Pro football needs real refs; Lance Armstrong needs to get real
BY RICK TELANDER email@example.com September 1, 2012 6:46PM
Lance Armstrong has to face the fact that he’s arguably the most disgraced former champion athlete in world history. | Rogerio Barbosa~Getty Images
Updated: October 3, 2012 6:16AM
Happy Labor Day weekend, laborers!
And that includes all you resting NFL officials.
The way I see it is you’re like seasonal hedge-trimmers. If the hedge looks bad enough, or somebody falls in and gets thorns stuck in him everywhere because of bad trim work — because unskilled, non-union trimmers have been hired — you’ll get called back to the hedge, pronto.
But, then, nobody gambles on hedges. They do hedge on gambles, however. And NFL hedging is huge.
I give the league three weeks.
◆ Good morning, Lance Armstrong!
“I won the Tour de France seven times,’’ you continue to say. No, you didn’t. You crossed the finish line first seven times. In a sense like Ben Johnson, Marion Jones, Tim Montgomery, et al.
Why are you so reluctant to take your seat at the cheaters’ table, friend-o? I mean, you fight everything — saddle sores, the Alps, critics, cancer. But not the U.S. Anti-Doping Agency? Not the witnesses who will be heard from soon, most prominently fellow disgraced U.S. Postal teammate Tyler Hamilton?
(Digression: Good job, U.S. government, of which the U.S. Postal Service is a part, picking your sponsorships. First you pay ’em, then you flay em!)
Nor is this to suggest USADA and WADA, the World Anti-Doping Agency, are without flaws and stupidities. But the sport of cycling subscribes to their policies. That means you, Mr. Yellow Wristband.
Oh, and never having flunked a drug test means what? Nothing. How many times must we say it?
Some synthetic testosterone has a detectable lifespan of 24 hours. Some EPO is impossible to detect. Same with HGH. The new rage of mini-dosing drugs craftily outsmarts testers, while effectively changing one’s hormonal ‘‘profile.’’ Machines are not nearly as smart as shrewd, wealthy cheaters and their scientists. Did we mention that Jones never flunked a drug test and still served time for doping?
At any rate, Lance, start practicing this, just like pedaling: “I never won the Tour de France.’’
◆ One more thing about Armstrong, who now is arguably the most disgraced former champion athlete in world history: a handful of powerful and skilled American sports journalists have made him sound like Jean Valjean being unfairly persecuted by evil Inspector Javert. The French, for whom Victor Hugo is a national treasure, would understand this completely, and reject it.
One of these sportswriters said the only way she would not believe Armstrong was a “good guy’’ were if he were charged with murder.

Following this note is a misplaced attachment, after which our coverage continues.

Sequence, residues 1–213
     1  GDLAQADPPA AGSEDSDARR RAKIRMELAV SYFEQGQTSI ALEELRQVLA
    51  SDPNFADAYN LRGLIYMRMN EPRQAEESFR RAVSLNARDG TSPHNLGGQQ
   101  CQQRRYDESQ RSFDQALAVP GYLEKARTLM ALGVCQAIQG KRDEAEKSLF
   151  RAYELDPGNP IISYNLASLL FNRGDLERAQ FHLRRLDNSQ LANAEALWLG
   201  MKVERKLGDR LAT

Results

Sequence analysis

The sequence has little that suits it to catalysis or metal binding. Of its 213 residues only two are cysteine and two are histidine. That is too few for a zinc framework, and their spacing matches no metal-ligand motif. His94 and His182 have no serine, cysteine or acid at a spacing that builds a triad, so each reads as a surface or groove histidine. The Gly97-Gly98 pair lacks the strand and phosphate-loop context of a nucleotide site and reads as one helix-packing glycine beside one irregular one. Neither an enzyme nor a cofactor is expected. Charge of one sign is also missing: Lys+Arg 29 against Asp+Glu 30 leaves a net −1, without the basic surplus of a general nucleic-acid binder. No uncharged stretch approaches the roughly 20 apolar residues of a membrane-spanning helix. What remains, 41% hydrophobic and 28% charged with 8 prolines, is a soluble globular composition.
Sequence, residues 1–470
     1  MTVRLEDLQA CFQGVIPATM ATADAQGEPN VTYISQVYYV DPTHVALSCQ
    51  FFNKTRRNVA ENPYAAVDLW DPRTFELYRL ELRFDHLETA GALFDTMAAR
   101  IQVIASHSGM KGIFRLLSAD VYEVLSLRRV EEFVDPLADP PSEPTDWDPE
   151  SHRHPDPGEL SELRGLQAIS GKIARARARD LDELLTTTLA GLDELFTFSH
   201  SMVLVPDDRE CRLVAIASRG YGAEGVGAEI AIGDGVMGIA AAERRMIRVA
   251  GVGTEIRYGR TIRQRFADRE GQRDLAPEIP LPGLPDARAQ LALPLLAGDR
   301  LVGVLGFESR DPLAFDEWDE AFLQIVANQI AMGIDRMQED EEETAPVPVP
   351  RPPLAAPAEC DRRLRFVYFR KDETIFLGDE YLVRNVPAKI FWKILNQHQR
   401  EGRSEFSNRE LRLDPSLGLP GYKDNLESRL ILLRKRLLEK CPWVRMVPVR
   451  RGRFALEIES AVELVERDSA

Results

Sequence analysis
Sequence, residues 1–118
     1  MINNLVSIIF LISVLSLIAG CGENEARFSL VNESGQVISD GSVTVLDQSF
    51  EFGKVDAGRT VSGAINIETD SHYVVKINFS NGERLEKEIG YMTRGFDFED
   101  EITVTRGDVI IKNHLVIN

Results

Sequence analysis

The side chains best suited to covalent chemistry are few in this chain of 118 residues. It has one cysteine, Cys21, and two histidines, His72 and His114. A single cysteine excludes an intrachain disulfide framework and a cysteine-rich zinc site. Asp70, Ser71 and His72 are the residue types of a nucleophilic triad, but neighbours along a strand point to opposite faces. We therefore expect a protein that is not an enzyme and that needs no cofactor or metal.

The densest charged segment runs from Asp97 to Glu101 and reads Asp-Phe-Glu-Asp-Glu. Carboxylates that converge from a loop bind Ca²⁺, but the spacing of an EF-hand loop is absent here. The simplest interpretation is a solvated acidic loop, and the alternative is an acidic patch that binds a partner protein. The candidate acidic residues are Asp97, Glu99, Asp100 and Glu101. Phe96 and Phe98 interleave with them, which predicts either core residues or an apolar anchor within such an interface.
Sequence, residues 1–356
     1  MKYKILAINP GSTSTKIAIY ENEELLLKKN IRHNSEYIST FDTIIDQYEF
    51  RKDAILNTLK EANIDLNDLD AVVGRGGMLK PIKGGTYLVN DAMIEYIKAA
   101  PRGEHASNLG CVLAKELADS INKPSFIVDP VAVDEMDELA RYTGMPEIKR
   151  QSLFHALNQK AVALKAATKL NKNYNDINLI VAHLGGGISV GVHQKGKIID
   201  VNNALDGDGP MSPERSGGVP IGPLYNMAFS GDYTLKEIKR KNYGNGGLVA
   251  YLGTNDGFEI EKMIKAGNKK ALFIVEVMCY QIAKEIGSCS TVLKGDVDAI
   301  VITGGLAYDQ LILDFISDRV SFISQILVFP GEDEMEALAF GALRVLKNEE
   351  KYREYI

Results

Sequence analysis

Armstrong is not a murderer, only a fraud.
◆ Major League Baseball just signed a limited broadcast deal with ESPN that is worth $5.6 billion over eight years. I quit taking math my junior year in high school and have forgotten whatever I might have learned beforehand, but even I can tell you that breaks down to an average of $700 million a year.
Baseball people talk about smoke, filth, gas and cheese? This, people, is high cheese.
◆ Texas just has to out-do everybody, don’t it?
Take high school football. We already have Friday Night Lights, the book, the movie, the TV show, the cult.
Now we have real-life Allen High School, just outside Dallas, with its new $60 million, sunken-bowl, 18,000-seat football stadium that includes a high-def video screen and free Wi-Fi for everyone.
Allen is a suburb about the size and wealth quotient of Evanston. So imagine this thing called Eagle Stadium, on about 72 acres of land, located, say, at Dempster and McCormick. Kind of nuts, right?
Here’s the funny thing. This stadium is only the fifth-biggest high school stadium in the state. Don’tcha mess with Texas, now!
◆ One of the saddest stories I’ve heard is the one about White Sox pitcher John Danks and two of his friends from high school, one of whom fell and was paralyzed from the waist down while partying at Danks’ rented Chicago condo in 2010.
Of course, it’s a lawsuit now. And the paralyzed friend is suing his own brother, who pushed him, causing the fall, and Danks, who allegedly didn’t call 911 or paramedics for several hours after the man lay on the deck unable to move. Danks and the able brother carried the victim down three flights of stairs, also contributing to the spinal-cord damage, according to the suit.
Not good, on any level.
◆ I just picked up and read, for reasons I can only guess at, a fascinating book called Hack’s 191 by Bill Chastain. It’s about Hack Wilson, the Cubs outfielder who set the major-league record for RBI with an astonishing 191 in 1930.
A legendary and incurable drunk, Wilson also set the National League record for home runs that year with 56. For much of the season, he was ahead of Babe Ruth’s 60-homer pace, and a lot of people were so focused on that race that they barely noticed the incredible amount of runs Wilson was driving in.
What is astounding is that Wilson was only 5-6 with size 6 shoes but was so stocky and muscular that he wore an 18-inch collar.
As ever, only the Cubs.